re: criticisms of tone, style, etc. I don't think people have an obligation to be nice to racists. People like Nathan have demonstrated, over and over again, that their intent is not to address serious problems of discrimination. I spent a bunch of my time to write out several paragraphs explaining why I thought he was wrong- if in the process, I got somewhat insulting, sorry I'm not really sorry. It's 100x more insulting to be racist and defend your comments that you shouldn't go to a debate camp because a lot of black people go there with "West is Best"- my response is comparatively courteous.

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hen talking to a black person who attended the Emory debate camp, you have defended your position that you shouldn't go to the Emory debate camp because there are too many black people there by saying "well, my culture is better and smarter than yours". Why should I defer on labelling that racist?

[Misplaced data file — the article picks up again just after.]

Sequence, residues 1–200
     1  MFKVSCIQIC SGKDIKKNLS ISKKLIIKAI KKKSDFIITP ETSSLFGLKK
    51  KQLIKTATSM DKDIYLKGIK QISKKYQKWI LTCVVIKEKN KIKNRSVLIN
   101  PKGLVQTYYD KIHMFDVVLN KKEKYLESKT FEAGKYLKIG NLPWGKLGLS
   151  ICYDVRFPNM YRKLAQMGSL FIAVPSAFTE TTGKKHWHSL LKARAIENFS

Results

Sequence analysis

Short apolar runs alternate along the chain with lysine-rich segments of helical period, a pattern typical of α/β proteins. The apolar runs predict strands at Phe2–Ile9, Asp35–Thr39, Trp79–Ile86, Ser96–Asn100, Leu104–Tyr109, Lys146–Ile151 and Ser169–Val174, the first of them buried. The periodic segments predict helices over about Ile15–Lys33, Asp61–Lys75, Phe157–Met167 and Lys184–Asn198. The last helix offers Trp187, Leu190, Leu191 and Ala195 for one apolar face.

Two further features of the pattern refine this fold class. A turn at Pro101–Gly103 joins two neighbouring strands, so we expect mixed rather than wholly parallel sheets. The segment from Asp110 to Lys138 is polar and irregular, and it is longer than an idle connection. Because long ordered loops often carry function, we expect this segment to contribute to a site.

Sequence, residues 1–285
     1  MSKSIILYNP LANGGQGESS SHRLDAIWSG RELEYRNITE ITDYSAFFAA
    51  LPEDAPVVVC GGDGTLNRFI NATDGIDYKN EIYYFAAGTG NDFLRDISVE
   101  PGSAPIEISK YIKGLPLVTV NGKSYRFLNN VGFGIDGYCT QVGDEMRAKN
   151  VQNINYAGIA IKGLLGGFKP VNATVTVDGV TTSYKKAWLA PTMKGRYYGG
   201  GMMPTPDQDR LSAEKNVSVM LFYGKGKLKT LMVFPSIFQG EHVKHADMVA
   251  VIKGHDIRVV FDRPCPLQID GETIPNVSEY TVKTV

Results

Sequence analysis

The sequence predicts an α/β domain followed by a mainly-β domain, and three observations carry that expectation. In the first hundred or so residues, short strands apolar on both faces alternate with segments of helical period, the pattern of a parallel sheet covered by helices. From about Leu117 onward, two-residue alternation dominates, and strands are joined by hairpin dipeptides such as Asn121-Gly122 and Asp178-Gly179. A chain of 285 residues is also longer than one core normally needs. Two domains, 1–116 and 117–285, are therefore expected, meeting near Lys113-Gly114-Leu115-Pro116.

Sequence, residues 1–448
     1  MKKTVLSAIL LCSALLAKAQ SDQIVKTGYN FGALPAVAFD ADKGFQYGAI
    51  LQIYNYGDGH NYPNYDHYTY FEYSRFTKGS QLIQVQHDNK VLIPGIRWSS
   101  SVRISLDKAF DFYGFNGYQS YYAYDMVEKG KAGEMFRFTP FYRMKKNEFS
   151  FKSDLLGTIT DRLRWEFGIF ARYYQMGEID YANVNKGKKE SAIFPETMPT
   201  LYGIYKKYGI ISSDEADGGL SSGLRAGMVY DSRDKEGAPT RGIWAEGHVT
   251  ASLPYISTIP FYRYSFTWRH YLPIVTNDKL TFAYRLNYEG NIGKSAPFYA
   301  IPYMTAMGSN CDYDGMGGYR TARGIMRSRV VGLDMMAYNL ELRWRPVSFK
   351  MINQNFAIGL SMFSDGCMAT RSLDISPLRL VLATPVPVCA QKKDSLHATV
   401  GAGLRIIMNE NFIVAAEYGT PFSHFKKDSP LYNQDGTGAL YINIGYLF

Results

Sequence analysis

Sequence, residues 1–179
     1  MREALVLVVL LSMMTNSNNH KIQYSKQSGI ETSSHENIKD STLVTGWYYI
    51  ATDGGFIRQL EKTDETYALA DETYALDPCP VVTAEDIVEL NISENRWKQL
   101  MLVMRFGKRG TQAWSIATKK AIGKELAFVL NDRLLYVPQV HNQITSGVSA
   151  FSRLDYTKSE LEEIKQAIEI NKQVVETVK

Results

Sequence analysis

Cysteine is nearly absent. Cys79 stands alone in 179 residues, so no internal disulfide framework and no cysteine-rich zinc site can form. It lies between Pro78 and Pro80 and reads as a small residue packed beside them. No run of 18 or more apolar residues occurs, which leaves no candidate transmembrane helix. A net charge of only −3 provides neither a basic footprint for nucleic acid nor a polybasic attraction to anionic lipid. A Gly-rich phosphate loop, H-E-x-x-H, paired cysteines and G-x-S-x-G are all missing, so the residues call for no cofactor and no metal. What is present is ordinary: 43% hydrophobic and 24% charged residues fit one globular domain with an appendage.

Great post, but I should point out that I'm not black. 

 

 a white person who has debated for both an underfunded urban high school program where most students were non-white ...

is a better description. Sorry if my first post was misleading.

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Great post, but I should point out that I'm not black. 

 

is a better description. Sorry if my first post was misleading.

 

Reading back, it wasn't. I misread it, sorry. Edited my post accordingly. It doesn't make nathan's conduct any more or less defensible.

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First, you jumped the gun a bit.  Although, I could have been a bit clearer.  My argument was that debate was pretty much a safe place.  Which you then said it was.  Ironic.  I uniquely said it was made worse by personal attacks.

 

Black folks don't need to be catered to feel comfortable.  I imagine very few think of the race implications of being coached by a Coach K or a Rick Patino or a Pat Summit (retired UT women's coach).  Or think that race experience hindered their